[arin-ppml] Last Call - Recommended Draft Policy ARIN-2020-2: Reinstatement of Organizations Removed from Waitlist by Implementation of ARIN-2019-16

Mike Burns mike at iptrading.com
Wed Oct 28 14:00:08 EDT 2020


HI Albert,

New IP does not require IPv4 nor is it limited to 32 bit address space.
In fact, from my reading, address length may not even be fixed.
In any case, this is still too far from any final form to really comment on its technical merits.
Personally I find the use case fails to excite me and the dangers of putting more control into the network outweigh the benefits.
But I am willing to hear more.

And for this community, the appeal to the ITU to develop the overall architecture should be problematic, even if the IETF is the ultimate refiner of New IP's (Network 2030's) technical aspects.

Regards,
Mike
PS Thanks for the video Milton.



-----Original Message-----
From: ARIN-PPML <arin-ppml-bounces at arin.net> On Behalf Of hostmaster at uneedus.com
Sent: Wednesday, October 28, 2020 10:47 AM
To: arin-ppml at arin.net
Subject: Re: [arin-ppml] Last Call - Recommended Draft Policy ARIN-2020-2: Reinstatement of Organizations Removed from Waitlist by Implementation of ARIN-2019-16

This protocol is NOT an end to end protocol, and therefore divides addresses into 2 groups:

1) Directly addressable hosts, which are limited to the same 4.3B limit as IP4, the protocol used to transmit it, and limits the use of direct addresses to aware gateways of the "New IP".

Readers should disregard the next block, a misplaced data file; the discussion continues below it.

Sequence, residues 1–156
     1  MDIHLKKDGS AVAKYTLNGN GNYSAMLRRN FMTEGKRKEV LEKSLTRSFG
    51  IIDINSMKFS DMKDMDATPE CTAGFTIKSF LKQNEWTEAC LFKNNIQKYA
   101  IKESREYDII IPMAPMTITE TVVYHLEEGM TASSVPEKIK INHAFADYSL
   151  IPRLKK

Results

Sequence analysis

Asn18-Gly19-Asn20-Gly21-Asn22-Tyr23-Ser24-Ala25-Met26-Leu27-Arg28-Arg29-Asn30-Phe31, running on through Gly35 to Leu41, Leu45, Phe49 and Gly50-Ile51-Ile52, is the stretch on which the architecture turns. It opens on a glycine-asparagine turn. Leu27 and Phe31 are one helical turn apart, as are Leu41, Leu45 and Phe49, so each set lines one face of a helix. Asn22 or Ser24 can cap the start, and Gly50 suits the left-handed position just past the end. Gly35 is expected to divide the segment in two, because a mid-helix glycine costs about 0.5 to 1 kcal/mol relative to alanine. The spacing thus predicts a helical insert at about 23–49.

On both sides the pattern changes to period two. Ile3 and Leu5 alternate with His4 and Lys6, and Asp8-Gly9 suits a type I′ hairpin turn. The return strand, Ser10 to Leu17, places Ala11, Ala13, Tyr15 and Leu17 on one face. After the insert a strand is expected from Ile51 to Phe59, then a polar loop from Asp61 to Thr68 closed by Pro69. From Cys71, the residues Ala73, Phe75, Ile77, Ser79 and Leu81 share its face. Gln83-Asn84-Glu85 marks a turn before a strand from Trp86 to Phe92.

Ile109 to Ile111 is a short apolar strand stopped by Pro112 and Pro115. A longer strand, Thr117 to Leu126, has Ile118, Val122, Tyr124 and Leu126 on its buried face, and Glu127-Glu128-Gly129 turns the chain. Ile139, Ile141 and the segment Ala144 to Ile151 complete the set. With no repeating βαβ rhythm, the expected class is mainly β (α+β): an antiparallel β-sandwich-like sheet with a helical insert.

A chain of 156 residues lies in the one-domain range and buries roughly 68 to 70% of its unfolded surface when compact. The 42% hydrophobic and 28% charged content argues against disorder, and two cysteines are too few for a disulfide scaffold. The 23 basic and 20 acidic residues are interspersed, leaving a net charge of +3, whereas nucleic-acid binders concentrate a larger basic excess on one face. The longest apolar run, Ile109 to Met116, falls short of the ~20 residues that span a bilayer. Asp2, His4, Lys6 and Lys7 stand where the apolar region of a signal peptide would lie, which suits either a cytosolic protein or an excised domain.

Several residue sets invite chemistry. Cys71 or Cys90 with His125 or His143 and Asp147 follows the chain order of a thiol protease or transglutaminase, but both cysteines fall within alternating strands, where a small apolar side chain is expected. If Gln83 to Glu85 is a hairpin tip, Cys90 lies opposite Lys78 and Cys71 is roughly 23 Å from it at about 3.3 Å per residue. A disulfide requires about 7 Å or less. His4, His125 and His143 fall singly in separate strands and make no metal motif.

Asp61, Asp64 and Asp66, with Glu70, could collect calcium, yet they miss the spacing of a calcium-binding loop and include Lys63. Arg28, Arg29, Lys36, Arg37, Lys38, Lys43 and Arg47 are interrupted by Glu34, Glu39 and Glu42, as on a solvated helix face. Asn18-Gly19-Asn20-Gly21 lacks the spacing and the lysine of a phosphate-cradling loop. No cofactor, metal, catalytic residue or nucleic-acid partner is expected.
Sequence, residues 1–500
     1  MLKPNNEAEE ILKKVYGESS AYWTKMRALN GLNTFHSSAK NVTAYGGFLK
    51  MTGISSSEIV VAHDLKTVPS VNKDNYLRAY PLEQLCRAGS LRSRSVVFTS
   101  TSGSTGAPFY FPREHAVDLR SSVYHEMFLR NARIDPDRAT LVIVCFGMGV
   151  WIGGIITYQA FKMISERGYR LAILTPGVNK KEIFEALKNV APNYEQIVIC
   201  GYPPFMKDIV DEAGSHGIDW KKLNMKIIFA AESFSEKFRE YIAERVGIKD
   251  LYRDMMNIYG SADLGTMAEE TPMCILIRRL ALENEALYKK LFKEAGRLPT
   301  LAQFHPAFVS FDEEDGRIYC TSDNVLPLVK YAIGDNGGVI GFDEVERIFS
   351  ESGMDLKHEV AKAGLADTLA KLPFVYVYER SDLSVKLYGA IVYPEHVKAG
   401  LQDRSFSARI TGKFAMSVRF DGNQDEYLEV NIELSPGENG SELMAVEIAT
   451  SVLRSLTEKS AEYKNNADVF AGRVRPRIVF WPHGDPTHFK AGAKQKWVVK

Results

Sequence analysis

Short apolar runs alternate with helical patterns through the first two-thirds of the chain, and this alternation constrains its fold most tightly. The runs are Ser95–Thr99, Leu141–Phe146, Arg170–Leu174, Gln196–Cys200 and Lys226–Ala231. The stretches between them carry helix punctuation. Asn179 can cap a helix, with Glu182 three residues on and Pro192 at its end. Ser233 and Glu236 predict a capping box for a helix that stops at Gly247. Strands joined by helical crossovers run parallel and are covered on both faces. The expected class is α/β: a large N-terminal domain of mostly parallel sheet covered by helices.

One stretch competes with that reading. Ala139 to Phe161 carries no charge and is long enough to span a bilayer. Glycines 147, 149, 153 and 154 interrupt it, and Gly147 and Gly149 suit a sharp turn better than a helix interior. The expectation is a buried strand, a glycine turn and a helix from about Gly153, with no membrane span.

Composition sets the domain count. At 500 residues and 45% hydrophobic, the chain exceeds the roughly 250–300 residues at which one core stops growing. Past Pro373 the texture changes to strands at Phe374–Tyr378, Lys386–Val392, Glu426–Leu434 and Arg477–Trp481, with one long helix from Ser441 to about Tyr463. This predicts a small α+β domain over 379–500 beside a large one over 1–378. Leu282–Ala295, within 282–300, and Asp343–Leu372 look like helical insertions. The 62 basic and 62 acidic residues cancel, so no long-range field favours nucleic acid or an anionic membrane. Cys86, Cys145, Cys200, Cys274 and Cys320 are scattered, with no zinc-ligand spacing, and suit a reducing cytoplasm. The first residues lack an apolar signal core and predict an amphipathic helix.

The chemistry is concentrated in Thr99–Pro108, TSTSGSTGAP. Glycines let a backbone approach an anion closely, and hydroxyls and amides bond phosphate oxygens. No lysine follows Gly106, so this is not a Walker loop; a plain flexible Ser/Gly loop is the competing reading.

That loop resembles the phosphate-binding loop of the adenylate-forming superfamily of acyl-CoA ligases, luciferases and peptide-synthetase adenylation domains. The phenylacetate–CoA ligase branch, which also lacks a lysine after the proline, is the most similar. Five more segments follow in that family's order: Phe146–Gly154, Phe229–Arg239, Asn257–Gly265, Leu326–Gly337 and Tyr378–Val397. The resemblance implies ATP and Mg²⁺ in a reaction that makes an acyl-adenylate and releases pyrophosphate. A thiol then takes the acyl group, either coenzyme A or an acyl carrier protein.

2) Indirectly addressable hosts, which can be addressed ONLY by aware hosts and networks, which support does not currently exist, unlike IPv6, which does exist and provides for all hosts to be directly addressed.

It really does not solve the lack of addresses in IPv4, as eventually even with hacks like this one, the address space will still exhaust, and lacks simple end to end addressing of every node.

I love IPv6, as it allows direct addressing much like we had in the early days when it was common to give every machine a public address.  Had CIDR and NAT not been invented, or the threat of the Chinese Academic network exhausting several /8s in order to directly address all of their hosts, we would have faced exhaust many years earlier. That network wisely chose to go to IPv6 instead and has not faced a lack of addresses.